Category Archives: Guest Blog

HP Lovecraft | Inspired by Darkness by Scott Roche

H P Lovecraft

I’ve been a fan of HP Lovecraft’s fiction and perhaps more importantly of adaptations of his fiction since grade school. This probably goes a long way towards explaining the quirks in my personality. Regardless of his effect on my psychology, his effect on my writing has been profound. And I’m not the only one he’s touched. I recently received a copy of Cabinet of Curiosities: My Notebooks, Collections, and Other Obsessions by Guillermo del Toro. It’s not surprising that del Toro was also influenced by Lovecraft, to the point that he has a life sized and very lifelike statue of the author in one of his libraries.

In that first sentence up there you may notice that I put supreme importance on the adaptations of Lovecraft’s work. There are countless movies, books, games, and graphic novels that have used either his mythology or his direct writings as a jumping off point. If anyone has influenced my writing more than Lovecraft, it’s writers like Brian Lumley, Stephen King, and Clive Barker. Without the founder of the Cthulu mythos, we arguably wouldn’t have those three gents as we know them.

The impact of an artist on the world goes far beyond just the first generation of writers and readers they inspire. I can only hope that the style that I’m honing will cause future Metallicas to write music taking my lines of prose. If there’s an artist like HR Giger who takes my works and gives it three literal dimensions I would be absolutely tickled even though I, like H.P., wouldn’t likely be around to see it. And that’s even more impressive. The man died at the tender age of forty-six. He’s been dead for just over seventy five years, and he continues to inspire creators.

I suppose that shouldn’t be surprising. I did a little digging and the breadth and depth of what HP Lovecraft wrote is staggering. In addition to his short fiction and novels, he wrote a staggering amount of poetry. He also has a large body of non-fiction work in the form of letters, scientific and philosophical articles, and editorials. I likely haven’t read even one percent of everything he produced in his lifetime. When you’re as smart and/or as prolific as he was, there’s bound to be something in there worth thinking about.

The other, and to me even more interesting, thing about HP Lovecraft is that he was typically published in pulps. His writing was far from popular in his own day. He received rejections because his works were often seen as controversial, and I suspect because they were in many cases very non-traditional. As a writer who struggles to make my career take off, I take some comfort in knowing that, even if that never happens, we as writers can attain varying degrees of immortality through our work.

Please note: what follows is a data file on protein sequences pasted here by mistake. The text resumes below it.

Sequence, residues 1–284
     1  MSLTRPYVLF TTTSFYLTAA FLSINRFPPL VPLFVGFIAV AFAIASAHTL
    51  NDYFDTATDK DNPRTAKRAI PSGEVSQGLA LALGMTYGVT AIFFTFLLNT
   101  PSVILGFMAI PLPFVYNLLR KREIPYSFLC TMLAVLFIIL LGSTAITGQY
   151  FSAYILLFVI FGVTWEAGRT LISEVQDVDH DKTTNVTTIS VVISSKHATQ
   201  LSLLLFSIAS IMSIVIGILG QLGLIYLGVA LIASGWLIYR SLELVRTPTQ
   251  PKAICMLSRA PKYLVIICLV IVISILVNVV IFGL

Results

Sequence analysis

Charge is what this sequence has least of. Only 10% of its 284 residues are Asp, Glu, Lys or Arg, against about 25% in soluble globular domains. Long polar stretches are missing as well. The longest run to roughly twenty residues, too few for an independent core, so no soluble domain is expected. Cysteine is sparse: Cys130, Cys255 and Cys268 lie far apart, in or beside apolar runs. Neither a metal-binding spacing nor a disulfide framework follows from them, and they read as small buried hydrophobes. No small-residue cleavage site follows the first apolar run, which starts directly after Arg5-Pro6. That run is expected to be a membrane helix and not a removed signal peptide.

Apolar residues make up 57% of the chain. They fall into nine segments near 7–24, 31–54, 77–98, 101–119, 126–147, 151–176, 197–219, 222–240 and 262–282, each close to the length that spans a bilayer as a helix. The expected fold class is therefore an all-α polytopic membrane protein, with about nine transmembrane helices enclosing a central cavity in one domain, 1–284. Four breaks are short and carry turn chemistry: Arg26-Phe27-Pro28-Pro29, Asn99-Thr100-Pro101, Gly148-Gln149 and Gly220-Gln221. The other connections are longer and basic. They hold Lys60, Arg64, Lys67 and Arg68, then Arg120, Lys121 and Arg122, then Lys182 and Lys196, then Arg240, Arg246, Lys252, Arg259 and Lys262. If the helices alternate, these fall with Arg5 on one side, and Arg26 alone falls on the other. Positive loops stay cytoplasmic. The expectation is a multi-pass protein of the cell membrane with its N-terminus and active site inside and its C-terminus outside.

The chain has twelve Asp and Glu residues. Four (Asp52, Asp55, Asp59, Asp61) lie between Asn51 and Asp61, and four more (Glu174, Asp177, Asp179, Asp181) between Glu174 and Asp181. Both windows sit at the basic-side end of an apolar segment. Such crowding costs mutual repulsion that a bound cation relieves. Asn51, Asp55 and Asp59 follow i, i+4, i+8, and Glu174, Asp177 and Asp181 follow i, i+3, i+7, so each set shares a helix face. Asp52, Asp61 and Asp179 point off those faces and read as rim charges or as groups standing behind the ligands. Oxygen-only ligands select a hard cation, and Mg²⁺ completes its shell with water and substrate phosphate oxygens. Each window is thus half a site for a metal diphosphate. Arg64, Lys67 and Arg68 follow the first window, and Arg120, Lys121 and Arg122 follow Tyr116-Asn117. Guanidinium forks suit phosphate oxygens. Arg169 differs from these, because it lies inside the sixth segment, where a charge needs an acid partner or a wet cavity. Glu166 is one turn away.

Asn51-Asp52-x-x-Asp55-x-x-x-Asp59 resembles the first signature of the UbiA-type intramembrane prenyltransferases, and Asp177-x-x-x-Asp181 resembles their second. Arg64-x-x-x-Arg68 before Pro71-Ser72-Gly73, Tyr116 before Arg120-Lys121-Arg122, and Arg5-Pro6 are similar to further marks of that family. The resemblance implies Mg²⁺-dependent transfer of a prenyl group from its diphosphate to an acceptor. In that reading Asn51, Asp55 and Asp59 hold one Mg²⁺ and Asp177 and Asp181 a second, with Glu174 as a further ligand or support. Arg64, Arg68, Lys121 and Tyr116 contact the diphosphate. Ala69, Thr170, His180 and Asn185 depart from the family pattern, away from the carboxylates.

So how did HP Lovecraft impact my writing?

One of the things I appreciate most in the Cthulu mythos is that evil is often inexplicable and ultimate. Bad things happen in his worlds and the human beings that they happen to are tossed around like bowling pins. They lose their lives or their sanity or both in confronting the evil. I love playing around with Big Evil in my stories. It will often use human beings as pawns, much like in Lovecraft’s works. The important thing for me and the thing that stands out, perhaps more in those works influenced by him, is that no matter how dark things get or how high the odds are stacked against them the heroes of the story fight to their last breath. They may not always win, and even if they do the victory may be small or temporary, but they strive.

His heroes and mine also have a few things in common. The men and women in my stories are usually very much the products of our modern times. They don’t believe that there are things hiding behind the surface of the world that want to, can, and will eat their souls. They barely want to acknowledge the mundane “evils” of our present world, much less the ancient and perhaps unknowable evils that exist on its fringes. The supernatural conflicts that occur in my stories remove that choice from them. The heroes must look upon the face of that evil and change or die. The evil presence and the magic it uses in my stories are also often of a primitive and visceral nature.